Wen hears the people, but HK leaders are deaf
It was a case of listening but not actually hearing what the people had to say. That's why Financial Secretary John Tsang Chun-wah's budget backfired. We all know that now. It turns out Premier Wen Jiabao knows too. Public Eye is not sure if Tsang listened to Wen's words about Hong Kong at a Beijing conference two days ago. What we mean is we know he listened - he has no choice since Wen is the boss - but did he bother to actually hear? Some of what Wen said may be too deep for our leaders to understand. But we think if they try to combine listening with hearing they'll get the gist of it. Wen talked of the need for Hong Kong to have a long-term vision, to use our vast wealth to benefit the people, to help the underclass and to tackle livelihood issues. Where have we heard all that before? Oh yes, from the people. They've long been asking for all those things. But our leaders were not hearing them. None except Wen, it now turns out. Why is it that Wen can hear what the people want, the people can make themselves be heard by Wen, yet our own leaders - the ones we pay to hear us - are so clueless?
Some are clueless as ever ...
Public Eye wrote last week about one of those clueless people - Professor Lau Siu-kai, who heads the government's Central Policy Unit which tracks the public mood. Lau was at his most clueless in 2003 when he said only 30,000 would join that year's July 1 protest march. Half a million marched. We said last week we didn't know how much Lau is paid. Now we know. The people pay him HK$200,000 a month plus perks to advise top officials such as the financial secretary on the public mood. He has been in the job since 2002 but time has not helped. He is still as clueless as ever. Just look at the angry public mood that greeted John Tsang's budget.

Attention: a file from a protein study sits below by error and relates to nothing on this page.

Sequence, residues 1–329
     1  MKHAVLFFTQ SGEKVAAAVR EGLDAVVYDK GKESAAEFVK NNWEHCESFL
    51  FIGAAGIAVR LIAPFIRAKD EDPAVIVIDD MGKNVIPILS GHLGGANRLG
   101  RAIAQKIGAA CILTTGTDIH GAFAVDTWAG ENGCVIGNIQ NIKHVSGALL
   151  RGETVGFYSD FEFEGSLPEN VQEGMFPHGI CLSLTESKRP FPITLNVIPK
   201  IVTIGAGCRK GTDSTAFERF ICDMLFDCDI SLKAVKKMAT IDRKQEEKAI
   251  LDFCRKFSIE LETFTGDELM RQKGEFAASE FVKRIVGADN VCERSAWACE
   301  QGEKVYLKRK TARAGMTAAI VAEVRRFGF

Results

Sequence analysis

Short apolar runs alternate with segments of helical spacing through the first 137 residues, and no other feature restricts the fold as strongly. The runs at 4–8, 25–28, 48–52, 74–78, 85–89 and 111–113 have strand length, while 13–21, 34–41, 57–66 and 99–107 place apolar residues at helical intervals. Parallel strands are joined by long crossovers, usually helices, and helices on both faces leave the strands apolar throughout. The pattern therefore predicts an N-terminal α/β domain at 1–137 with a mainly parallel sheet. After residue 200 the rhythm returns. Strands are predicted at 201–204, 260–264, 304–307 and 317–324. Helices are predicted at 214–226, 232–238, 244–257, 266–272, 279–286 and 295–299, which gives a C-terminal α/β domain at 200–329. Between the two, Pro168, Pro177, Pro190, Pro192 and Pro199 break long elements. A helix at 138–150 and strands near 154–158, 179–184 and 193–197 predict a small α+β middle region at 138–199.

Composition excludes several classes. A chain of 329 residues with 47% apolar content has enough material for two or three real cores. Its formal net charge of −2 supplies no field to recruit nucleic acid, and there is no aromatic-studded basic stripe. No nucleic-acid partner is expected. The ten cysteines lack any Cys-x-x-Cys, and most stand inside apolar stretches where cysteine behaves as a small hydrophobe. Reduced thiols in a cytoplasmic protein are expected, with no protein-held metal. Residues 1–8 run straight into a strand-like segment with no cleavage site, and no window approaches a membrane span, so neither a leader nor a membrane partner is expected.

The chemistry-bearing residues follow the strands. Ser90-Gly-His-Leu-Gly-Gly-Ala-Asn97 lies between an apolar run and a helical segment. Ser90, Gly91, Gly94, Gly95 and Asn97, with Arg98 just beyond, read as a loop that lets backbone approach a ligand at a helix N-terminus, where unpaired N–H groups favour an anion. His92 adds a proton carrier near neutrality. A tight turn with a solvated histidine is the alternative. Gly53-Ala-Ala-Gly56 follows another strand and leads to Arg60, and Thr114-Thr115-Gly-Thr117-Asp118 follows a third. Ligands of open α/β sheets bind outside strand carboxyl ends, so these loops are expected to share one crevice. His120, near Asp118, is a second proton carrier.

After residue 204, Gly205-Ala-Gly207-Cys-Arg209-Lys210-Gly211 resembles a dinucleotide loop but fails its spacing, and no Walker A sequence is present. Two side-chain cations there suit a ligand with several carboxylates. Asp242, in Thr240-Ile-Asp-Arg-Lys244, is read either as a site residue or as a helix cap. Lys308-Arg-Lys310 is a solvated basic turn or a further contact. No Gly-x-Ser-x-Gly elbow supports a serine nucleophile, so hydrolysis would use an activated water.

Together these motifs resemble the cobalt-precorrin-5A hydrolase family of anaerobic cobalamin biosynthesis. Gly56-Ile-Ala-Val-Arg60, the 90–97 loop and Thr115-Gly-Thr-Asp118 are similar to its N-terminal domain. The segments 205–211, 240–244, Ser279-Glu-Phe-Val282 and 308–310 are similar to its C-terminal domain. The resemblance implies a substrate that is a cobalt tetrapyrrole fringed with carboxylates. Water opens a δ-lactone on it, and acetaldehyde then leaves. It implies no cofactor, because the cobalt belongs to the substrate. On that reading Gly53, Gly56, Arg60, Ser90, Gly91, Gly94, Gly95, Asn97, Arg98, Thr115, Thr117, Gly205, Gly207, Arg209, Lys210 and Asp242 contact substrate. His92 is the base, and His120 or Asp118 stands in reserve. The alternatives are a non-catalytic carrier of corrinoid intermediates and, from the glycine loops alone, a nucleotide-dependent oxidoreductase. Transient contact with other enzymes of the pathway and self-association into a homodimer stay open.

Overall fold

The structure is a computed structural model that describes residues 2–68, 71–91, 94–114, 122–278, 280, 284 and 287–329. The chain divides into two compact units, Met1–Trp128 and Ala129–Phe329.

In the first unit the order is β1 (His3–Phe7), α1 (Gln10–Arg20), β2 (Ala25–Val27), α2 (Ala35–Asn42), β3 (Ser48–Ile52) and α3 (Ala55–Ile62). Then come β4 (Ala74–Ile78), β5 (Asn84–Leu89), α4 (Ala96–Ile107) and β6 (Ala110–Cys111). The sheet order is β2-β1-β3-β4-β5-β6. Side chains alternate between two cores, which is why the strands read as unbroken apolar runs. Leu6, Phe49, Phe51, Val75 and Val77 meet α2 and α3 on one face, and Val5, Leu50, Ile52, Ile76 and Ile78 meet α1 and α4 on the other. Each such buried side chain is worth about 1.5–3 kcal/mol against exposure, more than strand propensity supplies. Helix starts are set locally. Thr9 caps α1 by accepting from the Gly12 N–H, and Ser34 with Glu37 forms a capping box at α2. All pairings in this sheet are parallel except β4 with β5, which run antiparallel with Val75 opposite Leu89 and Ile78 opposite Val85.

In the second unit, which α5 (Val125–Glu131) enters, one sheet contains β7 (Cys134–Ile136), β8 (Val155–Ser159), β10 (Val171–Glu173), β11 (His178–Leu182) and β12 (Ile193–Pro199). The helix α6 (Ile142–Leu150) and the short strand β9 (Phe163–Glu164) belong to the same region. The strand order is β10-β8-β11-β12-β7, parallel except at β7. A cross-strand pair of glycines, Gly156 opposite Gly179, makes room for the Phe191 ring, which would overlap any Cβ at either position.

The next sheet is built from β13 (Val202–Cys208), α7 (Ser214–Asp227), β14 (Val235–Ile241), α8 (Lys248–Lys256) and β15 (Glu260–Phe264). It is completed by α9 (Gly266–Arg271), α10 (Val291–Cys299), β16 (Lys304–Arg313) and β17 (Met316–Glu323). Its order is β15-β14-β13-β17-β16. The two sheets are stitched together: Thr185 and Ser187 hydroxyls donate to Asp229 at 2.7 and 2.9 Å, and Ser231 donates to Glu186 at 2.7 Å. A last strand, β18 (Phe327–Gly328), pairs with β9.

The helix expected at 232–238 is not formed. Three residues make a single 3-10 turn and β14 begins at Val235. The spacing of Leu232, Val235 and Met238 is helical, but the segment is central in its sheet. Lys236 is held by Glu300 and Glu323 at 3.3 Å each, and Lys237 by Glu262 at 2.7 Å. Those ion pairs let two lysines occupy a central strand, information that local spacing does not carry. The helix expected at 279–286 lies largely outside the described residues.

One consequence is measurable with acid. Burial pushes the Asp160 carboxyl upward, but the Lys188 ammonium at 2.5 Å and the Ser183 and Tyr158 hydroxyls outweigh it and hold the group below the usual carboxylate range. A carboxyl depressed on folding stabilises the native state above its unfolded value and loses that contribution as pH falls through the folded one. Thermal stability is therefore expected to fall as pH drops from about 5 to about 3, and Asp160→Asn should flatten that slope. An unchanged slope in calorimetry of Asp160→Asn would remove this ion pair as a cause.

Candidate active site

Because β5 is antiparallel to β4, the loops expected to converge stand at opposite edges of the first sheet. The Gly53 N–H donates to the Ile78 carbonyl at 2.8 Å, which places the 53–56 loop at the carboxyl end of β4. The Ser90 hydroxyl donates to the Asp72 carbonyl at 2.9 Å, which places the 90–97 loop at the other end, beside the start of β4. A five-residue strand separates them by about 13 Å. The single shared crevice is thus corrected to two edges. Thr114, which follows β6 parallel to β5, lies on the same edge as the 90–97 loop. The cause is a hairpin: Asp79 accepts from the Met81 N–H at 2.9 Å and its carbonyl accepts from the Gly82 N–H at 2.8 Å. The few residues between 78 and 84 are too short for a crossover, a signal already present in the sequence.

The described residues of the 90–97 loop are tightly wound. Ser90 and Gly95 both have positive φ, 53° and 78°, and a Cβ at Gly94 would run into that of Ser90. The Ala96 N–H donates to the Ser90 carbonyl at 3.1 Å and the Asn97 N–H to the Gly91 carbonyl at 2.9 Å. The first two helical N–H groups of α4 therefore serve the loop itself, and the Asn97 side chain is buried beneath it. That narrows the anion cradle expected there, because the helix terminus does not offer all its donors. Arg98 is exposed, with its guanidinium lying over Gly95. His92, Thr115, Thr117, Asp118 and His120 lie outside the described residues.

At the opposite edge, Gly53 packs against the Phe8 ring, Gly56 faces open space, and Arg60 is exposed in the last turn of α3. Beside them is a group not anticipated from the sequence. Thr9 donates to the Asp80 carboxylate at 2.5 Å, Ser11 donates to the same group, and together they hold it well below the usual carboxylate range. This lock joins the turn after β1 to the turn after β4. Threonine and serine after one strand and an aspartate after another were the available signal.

... but still clued in to the fund managers
Our leaders may be clueless when it comes to what the people want. But they're certainly clued in when it comes to what the big boys want. They want your money, and when the big boys speak, our leaders hear. Our money-grabbing fund managers have been taking - Public Eye calls it stealing - 2 per cent of your MPF retirement savings in administration fees. That's what they demanded when the MPF was created. The government listened - and heard. Every survey shows the people feel the fee is obscenely high. The latest one showed 80 per cent of those polled felt they were being cheated. The people have long demanded lower fees and an MPF overhaul. But our leaders like to strike a balance, as they keep saying. They listen to the people but hear the fund managers.
Travel warnings make little sense
Public Eye puzzled over it for a long time, but we just couldn't figure it out. A monster earthquake and tsunami strike Japan, killing thousands and knocking out a nuclear plant where there is now a radioactive leak scare. Our government immediately slaps a black travel warning but only on the worst-hit Fukushima district, and yesterday to three other districts. It issues only a red travel warning for the rest of Japan, meaning you might just want to think twice about going there for now. A Filipino police inspector disgruntled over being sacked hijacks a tour bus in Manila and kills eight Hong Kong hostages. Our government slaps a black travel warning, not only on Manila but for the whole country. That was more than six months ago, but the warning against all travel to the Philippines remains. Could it be that our government believes there are crazed gunmen stalking all of the Philippines waiting to hijack buses and kill Hongkongers, making it a far more dangerous place than the nuclear scare in Japan? We've given up trying to figure it out. Our government, like God, works in mysterious ways.